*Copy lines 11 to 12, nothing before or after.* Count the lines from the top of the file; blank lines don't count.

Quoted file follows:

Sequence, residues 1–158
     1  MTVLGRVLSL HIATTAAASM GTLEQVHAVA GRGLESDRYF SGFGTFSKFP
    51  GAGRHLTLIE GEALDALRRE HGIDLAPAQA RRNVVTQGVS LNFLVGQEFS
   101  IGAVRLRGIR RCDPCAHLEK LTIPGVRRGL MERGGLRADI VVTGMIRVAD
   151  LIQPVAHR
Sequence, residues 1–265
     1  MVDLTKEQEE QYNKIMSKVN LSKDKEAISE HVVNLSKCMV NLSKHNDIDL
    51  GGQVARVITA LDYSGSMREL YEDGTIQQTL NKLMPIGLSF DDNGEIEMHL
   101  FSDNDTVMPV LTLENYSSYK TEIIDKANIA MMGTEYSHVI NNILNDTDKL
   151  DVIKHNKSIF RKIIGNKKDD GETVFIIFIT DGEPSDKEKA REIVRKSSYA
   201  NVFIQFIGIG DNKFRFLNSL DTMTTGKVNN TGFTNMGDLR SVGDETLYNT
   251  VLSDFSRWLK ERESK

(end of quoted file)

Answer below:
   201  NVFIQFIGIG DNKFRFLNSL DTMTTGKVNN TGFTNMGDLR SVGDETLYNT
   251  VLSDFSRWLK ERESK